Naked festivals

Nakedness used to play a vital role in Japanese festivals and fertility rites.  Under the influence of the sex-obsessed cultures of the West, it has been sadly downplayed or even thought shameful by some.  But the so-called Hadaka Matsuri (Naked Festivals), in which men wear loincloths, have managed to survive.  In an article in Japan Today, Heenali Patel considers the phenomenon and how it relates to modern youth.

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The naked truth in Japan by Heenali Patel
Japan Today MAR. 23, 2013

A heap of round bodies squirms and squeals as the chilly night air descends upon it. Its outer rim of pale exposed flesh shudders in the lantern light like an inflated over-plucked chicken. Rolling down the streets, it passes crowds of people who shuffle along under the shadows of rickety buildings, clutching steaming buns and sticks that drip with jammy sauce. Buttocks jiggle, arms flail, loincloths flash like crumpled smiles into the dark….

No, this isn’t a scene from a Heironymous Bosch painting. It is, in fact, the somewhat less infernal Hadaka Matsuri, or Naked Man Festival. Yes, that’s right, a festival for hoards of Japanese men to brave freezing temperatures in barely more than their birthday suits.

Loincloths and a religious frenzy (from Japanzine)

The Naked Man Festival has a long tradition in Japan, with a deep well of symbolism that goes beyond the surface of its wrinkled hindquarters. And if one were to flip through a Japanese history book, references to nudity would come hard and fast – from images of feudal peasants working fields unclothed, to public baths peppered with naked bodies. Given these aspects of Japanese history and culture, it would be easy to assume that nudity is commonplace in Japan, and not necessarily linked to sexuality as it is in the West.

In Pink Samurai, Nicholas Bornoff writes: “At the two extremes of female and male in popular culture, one finds the geisha and the sumo wrestler: the dainty living doll standing for femininity and the mountainous icon of macho flesh with the little porcine eyes.”

Historically, it is clothing that has traditionally suggested sexuality in Japan – a sumptuously dressed woman has tended to hold more sway than a bare one. In contrast, when one imagines a loin-clothed sumo wrestler, it is unlikely to be within a sexual frame of mind.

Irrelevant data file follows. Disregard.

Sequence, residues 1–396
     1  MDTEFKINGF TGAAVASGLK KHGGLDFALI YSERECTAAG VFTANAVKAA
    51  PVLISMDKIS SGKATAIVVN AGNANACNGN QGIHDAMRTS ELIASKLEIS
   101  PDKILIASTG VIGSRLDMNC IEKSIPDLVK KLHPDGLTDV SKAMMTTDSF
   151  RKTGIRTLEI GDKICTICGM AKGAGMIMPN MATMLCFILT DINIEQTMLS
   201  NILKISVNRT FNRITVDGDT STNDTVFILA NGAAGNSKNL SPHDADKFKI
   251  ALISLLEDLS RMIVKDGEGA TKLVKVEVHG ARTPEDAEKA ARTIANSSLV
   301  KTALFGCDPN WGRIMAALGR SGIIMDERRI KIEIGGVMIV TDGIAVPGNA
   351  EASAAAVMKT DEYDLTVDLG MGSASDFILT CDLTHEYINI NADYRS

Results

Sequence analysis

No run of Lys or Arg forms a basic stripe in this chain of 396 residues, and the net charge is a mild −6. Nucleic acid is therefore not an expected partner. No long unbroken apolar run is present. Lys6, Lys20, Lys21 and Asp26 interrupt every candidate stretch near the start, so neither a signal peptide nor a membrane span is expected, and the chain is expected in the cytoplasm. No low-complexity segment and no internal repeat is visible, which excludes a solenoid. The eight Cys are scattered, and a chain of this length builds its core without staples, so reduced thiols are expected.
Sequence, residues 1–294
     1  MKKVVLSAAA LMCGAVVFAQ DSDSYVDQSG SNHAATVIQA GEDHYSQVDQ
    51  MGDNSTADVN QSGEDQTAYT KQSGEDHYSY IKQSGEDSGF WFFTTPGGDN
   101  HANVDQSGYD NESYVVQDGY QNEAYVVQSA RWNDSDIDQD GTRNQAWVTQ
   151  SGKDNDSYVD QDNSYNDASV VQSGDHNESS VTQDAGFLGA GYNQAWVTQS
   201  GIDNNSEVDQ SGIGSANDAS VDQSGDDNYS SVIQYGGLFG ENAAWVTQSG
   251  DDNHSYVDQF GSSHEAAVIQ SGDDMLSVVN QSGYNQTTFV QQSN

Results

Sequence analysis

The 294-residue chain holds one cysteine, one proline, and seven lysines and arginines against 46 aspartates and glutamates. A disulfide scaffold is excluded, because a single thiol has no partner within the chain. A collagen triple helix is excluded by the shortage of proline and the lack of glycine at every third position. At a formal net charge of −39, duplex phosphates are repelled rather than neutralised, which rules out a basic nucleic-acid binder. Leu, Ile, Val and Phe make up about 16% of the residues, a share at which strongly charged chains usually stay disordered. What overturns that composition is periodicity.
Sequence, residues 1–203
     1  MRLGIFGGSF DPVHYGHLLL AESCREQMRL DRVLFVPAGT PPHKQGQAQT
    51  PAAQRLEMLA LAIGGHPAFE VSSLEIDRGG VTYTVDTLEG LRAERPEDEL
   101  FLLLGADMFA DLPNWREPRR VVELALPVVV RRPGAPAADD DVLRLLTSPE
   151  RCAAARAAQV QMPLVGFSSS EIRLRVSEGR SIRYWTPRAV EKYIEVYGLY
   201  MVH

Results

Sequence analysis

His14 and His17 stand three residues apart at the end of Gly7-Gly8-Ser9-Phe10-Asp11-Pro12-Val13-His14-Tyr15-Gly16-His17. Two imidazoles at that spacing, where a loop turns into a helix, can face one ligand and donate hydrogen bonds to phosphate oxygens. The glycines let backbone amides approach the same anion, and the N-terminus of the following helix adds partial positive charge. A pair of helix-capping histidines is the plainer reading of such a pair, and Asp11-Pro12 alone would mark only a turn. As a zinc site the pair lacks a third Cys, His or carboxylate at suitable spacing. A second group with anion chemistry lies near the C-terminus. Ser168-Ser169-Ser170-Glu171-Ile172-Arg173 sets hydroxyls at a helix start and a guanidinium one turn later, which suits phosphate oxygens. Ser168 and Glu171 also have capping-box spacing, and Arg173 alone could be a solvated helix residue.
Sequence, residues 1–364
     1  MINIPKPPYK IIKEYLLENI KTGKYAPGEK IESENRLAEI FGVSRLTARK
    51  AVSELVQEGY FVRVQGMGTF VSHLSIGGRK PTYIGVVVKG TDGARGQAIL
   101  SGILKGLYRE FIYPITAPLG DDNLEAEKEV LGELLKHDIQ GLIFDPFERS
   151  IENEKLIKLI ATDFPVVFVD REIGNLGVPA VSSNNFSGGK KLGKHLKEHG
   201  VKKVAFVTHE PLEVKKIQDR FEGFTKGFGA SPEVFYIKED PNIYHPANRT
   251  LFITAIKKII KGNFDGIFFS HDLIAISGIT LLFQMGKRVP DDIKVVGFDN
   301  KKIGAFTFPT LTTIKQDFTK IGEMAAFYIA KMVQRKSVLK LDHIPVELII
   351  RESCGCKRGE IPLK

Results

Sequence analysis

Nudity in Japan has been unlinked to sexuality, and the norm for centuries – but does this really continue to be the case for the younger generation of Japanese? How has their perception of nudity started to change, if at all?

An investigation on how the Japanese interpretation of nudity is changing inevitably involves a discussion about shifting sexual perceptions. My first encounter of this stemmed from the classroom. Having described my recent cultural escapades at the Naked Man Festival to a class of 14-year-olds, the instant reaction was: “Was everyone naked? Were there naked girls too? How much could you see down there?”

Naked souls and all in harmony (from Outsider Japan)

Perhaps this can be explained by the idiosyncratic nature of my students; or the social demographic to which they belong. But I couldn’t help notice how very stark the difference seemed between the traditional image that most foreigners have of Japanese nudity, and the reality lodged comfortably in the crevices of my students’ brains.

So when did this shift begin? Unsurprisingly, the clash between modern nudity in Japan and its traditional counterpart gleans much of its raison d’etre from politics.  Toward the end of the 19th century, the Japanese government banned public nudity as a means of appearing more “civilized” to the West and repealing a series of unequal treaties. What eventually followed was a burgeoning pornography industry and a new sexual attitude towards the human body to go with it.  As “Pink Japan” eloquently puts it: “Once the naked body had been legislated against and thus ceased to be commonplace, it took on an erotic and mystified meaning.”